Google to digitise the NYT photo libraryThe New York Times (NYT) has detailed plans to undertake an ambitious project to digitise its historical photo library. The archive library, affectionately known inside the NYT as the morgue, began clipping and saving articles in the 1870s.

The library now holds millions of photographs, along with tens of millions of historical news clippings, microfilm records and other archival materials. The technology partner selected for this project is Google Cloud.

Monica Drake, Assistant Managing Editor at The New York Times
Monica Drake, Assistant Managing Editor at The New York Times

“We’ve always known that we were sitting on a trove of historical photos and now, cloud technology allows us to not only preserve this archival source, but easily search and pull photos to provide even more historical context,” said Monica Drake, assistant managing editor, The New York Times. “Ultimately, this digitalisation will equip Times journalists with useful tools to make it easier to tell even more visual stories.”

“Google Cloud technologies like Cloud Storage, Cloud Pub/Sub, and Cloud Vision API are helping to preserve this priceless history and give journalists a new way to search, access, and analyse millions of historic photos and give them new life,” said Brian Stevens, chief technology officer, Google Cloud. “Cloud technology is allowing The Times to protect one of their most unique assets migrating from steel filing cabinets to a cloud-based platform where journalists can bring visual storytelling to a whole new level.”

NYT plans to use the Google Cloud Vision API’s to enable machine learning algorithms. This will staff to identify, classify and automatically organise its photos.

A significant challenge

This will be a significant challenge not just to capture the images but also to index them so that they can be accessed and used. One of the first problems will be the fragility of many of the older images. They will need to be handled so as to not create any more damage than they have already suffered.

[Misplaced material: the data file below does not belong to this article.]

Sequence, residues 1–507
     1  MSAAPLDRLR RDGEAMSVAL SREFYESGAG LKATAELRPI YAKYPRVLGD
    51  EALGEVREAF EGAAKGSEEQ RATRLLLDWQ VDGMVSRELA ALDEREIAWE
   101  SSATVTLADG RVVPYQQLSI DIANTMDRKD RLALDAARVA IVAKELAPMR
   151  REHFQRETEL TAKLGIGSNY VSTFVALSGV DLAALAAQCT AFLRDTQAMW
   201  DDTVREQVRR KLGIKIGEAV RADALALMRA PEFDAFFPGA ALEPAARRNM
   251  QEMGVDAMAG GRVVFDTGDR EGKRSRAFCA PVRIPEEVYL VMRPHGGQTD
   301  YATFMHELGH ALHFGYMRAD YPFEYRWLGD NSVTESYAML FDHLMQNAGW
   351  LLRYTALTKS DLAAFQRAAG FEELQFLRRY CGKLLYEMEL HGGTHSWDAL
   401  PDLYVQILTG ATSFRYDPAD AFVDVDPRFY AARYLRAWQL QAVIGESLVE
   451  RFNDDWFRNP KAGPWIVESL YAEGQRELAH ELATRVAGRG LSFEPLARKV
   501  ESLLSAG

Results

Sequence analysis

There are also challenges when it comes to scanning different formats. This is not just sticking a negative on a lightbox or putting a photo in a scanner. It may require some interesting engineering to capture the images.

Once scanned, many of the older images will need to be digitally restored. This will include repairing the damage that age has wrought on the images and even adding colour. The latter, in particular, would give a new vision on the past.

Indexing and attributing the images is also going to be a problem. Many of the older images have not been catalogued. Even where they have, the indexes are patchy and incomplete. This means that there will have to be time spent researching the images. Unfortunately, the NYT plans to keep these away from the public eye. That’s a mistake. In circumstances like this. taking advantage of cloud sourcing help makes sense.

In conclusion

The archive has been called the “history of the world through the eyes of the New York Times”. You have to admire the monumental task ahead of the NYT and Google teams which will pull it off. The archive has over 100 years of history in photographs, many of which will never have been seen before being digitised.

It is easy to write this off as just another Google customer win. It is not. The major newspapers all have vast photo and image libraries waiting for digitisation. The success of this project will closely watched as others think about the future.


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Neil Fawcett
Cut him in half and the word technologist runs through Neil Fawcett’s core. Starting life as an engineer, specialising in the world of home computing, Neil the move to writing in 1985 and as the expression goes… never looked back. He was key to moving Computer Weekly away from its bias as a mainframe/minicomputer news title and propelled it into the exciting world of personal computing, breaking many an exclusive story. Following his tenure at CW he went on to work for various other publications, including participating in the UK launch of Information Week. During this time, he played a pivotal role in establishing custom publishing units designed to work alongside vendors to help define end-user publications and campaigns. Neil’s ability to take complex technology subjects and deliver digestible content frequently saw him appear on the likes of the national newspapers, the BBC and Sky, and often found himself delivering speeches to audiences around the world. With numerous books under his belt, Neil took time out in the new millennium to pursue a passion for toys/gaming and military history as he set up a manufacturing company with a global reach. He is now thrilled to have come full-circle and be back writing about his core passion: technology!


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